It seems inconceivable—as nearly everyone has been mentioning this week—that the horrible events of September 11, 2001, were 15 years ago.
Each of us remembers where we were when we first heard or saw this news. I know I shall never forget—and I hope none of us ever forget.
Of the many symbols that came out of that day was a photograph that represented resilience, pride in our country, and surviving. The photograph is of three firefighters raising an American flag amid the ruins of the World Trade Center on September 11, 2001.
It wasn’t long after that photograph was taken that the flag disappeared. Despite officials’ many attempts, the flag could not be found.
And author Brad Meltzer has a connection to this historical artifact.
It happened just days after a segment on the flag was featured on the first episode of Brad Meltzer’s Lost History, which was broadcast in 2014 on H2, a spinoff of the History Channel.
A grainy video showing the flag was broadcast on Meltzer’s program on October 31, 2014. Four days later, a man carrying a plastic bag walked into a fire station in Everett, Washington. The man, who called himself “Brian” and said he was a former Marine, had seen the show and believed he had the flag.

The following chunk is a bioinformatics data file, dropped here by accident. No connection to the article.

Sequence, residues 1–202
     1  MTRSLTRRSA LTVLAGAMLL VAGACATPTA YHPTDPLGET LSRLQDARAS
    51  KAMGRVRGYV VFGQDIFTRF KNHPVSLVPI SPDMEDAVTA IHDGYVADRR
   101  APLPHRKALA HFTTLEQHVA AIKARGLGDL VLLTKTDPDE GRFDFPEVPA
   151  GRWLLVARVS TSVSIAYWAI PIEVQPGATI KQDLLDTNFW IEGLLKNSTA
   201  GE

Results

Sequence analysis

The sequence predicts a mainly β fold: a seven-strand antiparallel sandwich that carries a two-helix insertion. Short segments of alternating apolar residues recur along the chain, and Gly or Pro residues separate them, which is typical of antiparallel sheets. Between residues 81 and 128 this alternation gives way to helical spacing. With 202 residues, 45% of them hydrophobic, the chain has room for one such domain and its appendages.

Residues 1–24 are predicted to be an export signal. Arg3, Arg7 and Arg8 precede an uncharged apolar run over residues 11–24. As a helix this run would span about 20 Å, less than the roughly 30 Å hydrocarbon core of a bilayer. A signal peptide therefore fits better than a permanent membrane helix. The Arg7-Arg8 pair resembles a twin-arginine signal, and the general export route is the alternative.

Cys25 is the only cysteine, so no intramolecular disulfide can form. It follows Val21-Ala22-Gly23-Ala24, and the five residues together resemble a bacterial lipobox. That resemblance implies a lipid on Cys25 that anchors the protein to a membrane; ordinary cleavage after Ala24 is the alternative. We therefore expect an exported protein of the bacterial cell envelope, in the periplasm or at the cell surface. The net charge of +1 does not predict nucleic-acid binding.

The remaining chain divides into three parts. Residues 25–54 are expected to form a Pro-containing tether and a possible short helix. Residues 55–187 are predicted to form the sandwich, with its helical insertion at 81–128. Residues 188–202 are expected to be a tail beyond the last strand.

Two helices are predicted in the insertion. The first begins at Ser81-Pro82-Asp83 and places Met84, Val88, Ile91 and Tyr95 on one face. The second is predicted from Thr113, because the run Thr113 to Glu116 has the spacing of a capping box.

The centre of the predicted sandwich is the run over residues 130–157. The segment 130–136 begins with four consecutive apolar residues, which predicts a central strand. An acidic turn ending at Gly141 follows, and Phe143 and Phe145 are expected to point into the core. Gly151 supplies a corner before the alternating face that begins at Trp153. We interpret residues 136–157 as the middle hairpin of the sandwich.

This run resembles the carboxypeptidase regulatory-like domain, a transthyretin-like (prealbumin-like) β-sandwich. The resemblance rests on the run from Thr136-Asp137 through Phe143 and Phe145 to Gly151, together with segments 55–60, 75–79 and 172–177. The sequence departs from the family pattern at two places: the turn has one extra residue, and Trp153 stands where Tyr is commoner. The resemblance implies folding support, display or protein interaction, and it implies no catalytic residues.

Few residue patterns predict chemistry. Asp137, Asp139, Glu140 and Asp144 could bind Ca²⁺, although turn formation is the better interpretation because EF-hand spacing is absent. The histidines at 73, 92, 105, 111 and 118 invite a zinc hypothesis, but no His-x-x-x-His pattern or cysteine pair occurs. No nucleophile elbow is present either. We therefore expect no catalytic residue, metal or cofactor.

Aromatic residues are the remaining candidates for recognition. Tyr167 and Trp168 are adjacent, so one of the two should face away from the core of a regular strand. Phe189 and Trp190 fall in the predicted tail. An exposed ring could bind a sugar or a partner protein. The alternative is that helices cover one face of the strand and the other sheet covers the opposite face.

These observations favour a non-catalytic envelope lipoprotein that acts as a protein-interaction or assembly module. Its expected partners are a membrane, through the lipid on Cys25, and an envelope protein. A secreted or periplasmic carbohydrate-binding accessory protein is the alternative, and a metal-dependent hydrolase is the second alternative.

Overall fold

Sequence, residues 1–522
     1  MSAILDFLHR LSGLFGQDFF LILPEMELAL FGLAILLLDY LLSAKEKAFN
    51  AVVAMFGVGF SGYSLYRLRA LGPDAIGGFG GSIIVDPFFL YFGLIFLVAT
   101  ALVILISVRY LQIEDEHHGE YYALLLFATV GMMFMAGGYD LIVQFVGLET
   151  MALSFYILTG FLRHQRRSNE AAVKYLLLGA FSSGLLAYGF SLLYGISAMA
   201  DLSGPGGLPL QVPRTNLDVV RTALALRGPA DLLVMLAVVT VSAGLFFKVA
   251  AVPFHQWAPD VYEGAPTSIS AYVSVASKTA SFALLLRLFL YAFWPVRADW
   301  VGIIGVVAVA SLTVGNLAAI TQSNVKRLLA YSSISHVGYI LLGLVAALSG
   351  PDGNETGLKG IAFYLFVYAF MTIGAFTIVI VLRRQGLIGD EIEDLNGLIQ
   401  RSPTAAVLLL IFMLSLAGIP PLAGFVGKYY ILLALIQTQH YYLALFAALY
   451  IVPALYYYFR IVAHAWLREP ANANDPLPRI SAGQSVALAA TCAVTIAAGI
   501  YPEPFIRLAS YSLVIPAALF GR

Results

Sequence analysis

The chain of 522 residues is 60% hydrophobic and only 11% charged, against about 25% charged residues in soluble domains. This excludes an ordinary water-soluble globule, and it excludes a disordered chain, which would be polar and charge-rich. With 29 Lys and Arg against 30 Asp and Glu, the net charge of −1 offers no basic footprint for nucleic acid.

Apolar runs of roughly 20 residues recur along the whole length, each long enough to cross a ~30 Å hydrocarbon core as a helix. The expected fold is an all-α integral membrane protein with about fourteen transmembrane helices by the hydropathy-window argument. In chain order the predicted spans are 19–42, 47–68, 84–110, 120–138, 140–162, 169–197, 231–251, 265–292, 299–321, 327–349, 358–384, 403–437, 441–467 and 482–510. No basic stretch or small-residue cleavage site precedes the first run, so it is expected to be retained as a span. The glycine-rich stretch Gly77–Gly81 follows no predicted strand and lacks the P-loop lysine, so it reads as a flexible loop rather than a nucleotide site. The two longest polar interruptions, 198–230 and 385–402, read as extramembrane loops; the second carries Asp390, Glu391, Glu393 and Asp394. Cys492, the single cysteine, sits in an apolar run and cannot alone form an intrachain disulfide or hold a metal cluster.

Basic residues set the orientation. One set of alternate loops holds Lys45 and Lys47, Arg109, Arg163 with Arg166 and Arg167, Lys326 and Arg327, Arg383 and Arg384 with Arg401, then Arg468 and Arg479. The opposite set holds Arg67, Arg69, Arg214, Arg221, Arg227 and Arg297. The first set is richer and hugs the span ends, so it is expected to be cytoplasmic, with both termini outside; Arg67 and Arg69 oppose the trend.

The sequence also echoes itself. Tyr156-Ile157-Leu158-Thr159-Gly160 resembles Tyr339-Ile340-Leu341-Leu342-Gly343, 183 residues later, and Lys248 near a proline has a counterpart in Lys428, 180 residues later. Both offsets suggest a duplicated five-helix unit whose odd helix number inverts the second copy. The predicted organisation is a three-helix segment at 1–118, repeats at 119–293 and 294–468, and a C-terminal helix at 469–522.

The man did not take the $10,000 reward that Meltzer had offered for the flag’s return.
After much research and testing, it was determined the flag was authentic.
Last Wednesday, September 7, 2015, Meltzer was at the 9/11 Memorial and Museum in New York City as the flag was unveiled. It will be permanently displayed there.
Meltzer gives full credit to finding the flag to the help from law enforcement, forensic experts, eyewitnesses, and the former Marine.
As an author, Meltzer uses history in his thrillers, the latest of which is The House of Secrets, and also in his children’s books, the latest of which are I Am George Washington and I Am Jane Goodall. Now Meltzer is participating in history.
Meltzer will host a one-hour History Channel special, America's 9/11 Flag: Rise from the Ashes, at 10:30 p.m. EST on Sunday, September 11.
For more information, visit BradMeltzer.com.
And today, remember how this terrorist attack changed America. Give thanks to our first responders.
And never forget.